Frequently Asked Questions about COPD
How common is COPD?
It has been estimated from U.S. surveys that more than 20 million adults have COPD and about half of these individuals are undiagnosed. Among those diagnosed, many are undertreated. Many physicians have a pessimistic view of COPD because until recently there was little to be done to alleviate suffering. However, research over the last decade has shown that there are many treatments that can be offered to COPD patients.
Can women get COPD as easily as men?
Yes. A generation ago many more men had the disease than women. However with the increase in cigarette smoking among women toward end of the 20th century, more women have COPD today than men. In fact, in 2001, for the first time, more women died of COPD than men.
How do I know if I have COPD?
Half of COPD patients don’t know they have it. Since almost all patients with COPD are cigarette smokers, if you are a current or past smoker you are in a high-risk group. Shortness of breath on exertion is the most common symptom to occur. When this symptom occurs, many patients stop doing the activity that causes them stress, and therefore may never get shortness of breath because of lack of activity. So ask yourself, are there any activities that I could do last year that I am having trouble doing this year? If so, you may have COPD.
Also, many patients with COPD have a chronic daily cough and expectorate sputum frequently. This may be an early sign of COPD. And lastly if you suffer one or more “chest colds” or “attacks of bronchitis” each year and the cough lasts for weeks rather than just a few days, underlying COPD may be the cause.
How is the diagnosis of COPD made?
Your physician will send you for a simple breathing test called a pulmonary function test. You will blow into a machine and it will measure your lung capacity. If it shows obstruction or airflow blockage in a patient with positive risk factors (smoking, etc), a diagnosis of COPD can be made.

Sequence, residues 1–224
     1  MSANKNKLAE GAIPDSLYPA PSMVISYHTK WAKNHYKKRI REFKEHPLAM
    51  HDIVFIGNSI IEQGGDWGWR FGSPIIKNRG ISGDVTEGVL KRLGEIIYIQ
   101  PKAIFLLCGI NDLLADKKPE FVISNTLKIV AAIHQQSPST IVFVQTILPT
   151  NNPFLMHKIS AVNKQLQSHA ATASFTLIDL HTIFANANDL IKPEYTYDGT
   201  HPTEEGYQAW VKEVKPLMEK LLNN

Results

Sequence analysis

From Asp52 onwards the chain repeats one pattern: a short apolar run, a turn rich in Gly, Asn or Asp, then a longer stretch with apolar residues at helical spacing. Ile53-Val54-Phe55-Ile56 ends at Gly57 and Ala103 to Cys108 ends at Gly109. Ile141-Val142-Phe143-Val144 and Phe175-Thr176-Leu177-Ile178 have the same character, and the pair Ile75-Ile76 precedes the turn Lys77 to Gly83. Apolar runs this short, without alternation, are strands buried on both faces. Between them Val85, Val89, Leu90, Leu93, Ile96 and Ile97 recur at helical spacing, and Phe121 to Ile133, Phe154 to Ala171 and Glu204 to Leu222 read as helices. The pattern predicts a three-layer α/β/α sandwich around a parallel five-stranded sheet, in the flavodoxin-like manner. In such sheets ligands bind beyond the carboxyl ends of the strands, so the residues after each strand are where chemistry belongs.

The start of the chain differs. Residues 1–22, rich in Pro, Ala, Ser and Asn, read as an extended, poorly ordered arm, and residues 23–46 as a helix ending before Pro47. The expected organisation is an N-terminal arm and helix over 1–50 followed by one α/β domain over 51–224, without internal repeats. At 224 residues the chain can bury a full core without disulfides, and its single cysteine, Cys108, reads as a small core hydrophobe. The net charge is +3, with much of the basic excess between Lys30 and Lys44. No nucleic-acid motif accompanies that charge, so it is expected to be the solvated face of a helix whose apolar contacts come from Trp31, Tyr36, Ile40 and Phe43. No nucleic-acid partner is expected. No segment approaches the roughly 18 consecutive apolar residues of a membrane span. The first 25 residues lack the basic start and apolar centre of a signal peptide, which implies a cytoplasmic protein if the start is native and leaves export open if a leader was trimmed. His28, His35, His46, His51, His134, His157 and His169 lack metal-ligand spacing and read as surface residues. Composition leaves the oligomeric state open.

Can the test tell how bad the COPD is?
Yes, the test will tell the physician whether the disease is mild, moderate, severe or very severe.
If I stop smoking will this disease go away?
No. Unfortunately, once the damage to the lungs is present, COPD cannot be removed, even with medication. However, if one stops smoking (even at an advanced age) the rapid decline in lung function will slow down and your outlook and symptoms will improve.
What can be done to help people with COPD?
While there is no cure for this disease, there are a number of therapies that can be offered, depending on its severity.
- If shortness of breath occurs only in special circumstances (such as carrying heavy packages), an inhaler can be used, as needed, to offer relief. The inhaler contains a medication that opens up (bronchodilates) the bronchial tubes. It can be taken several times a day and has a very good safety profile.
- When symptoms get worse and occur throughout the day, longer acting bronchodilators are offered. They can be effective when given once or twice a day.
- Other medications directed at reducing the inflammation in the bronchial tubes are given at later stages of the disease.
Can anything else be done that does not involve the use of medications?
Yes. Yearly flu shots are essential. Influenza in patients with COPD can lead to severe symptoms such as shortness of breath, cough and sputum production and can be complicated by pneumonia.
The pneumococcal vaccine (pneumonia vaccine) is also an important prevention. The vaccine can offer prevention for some of the most common causes of pneumonia and COPD patients are more susceptible to getting pneumonia.
In addition, Mount Sinai has a pulmonary rehabilitation program for COPD. This is a structured exercise program that helps COPD patients improve their activities of daily living and offers emotional support to those who are having difficulties because of an impaired quality of life.
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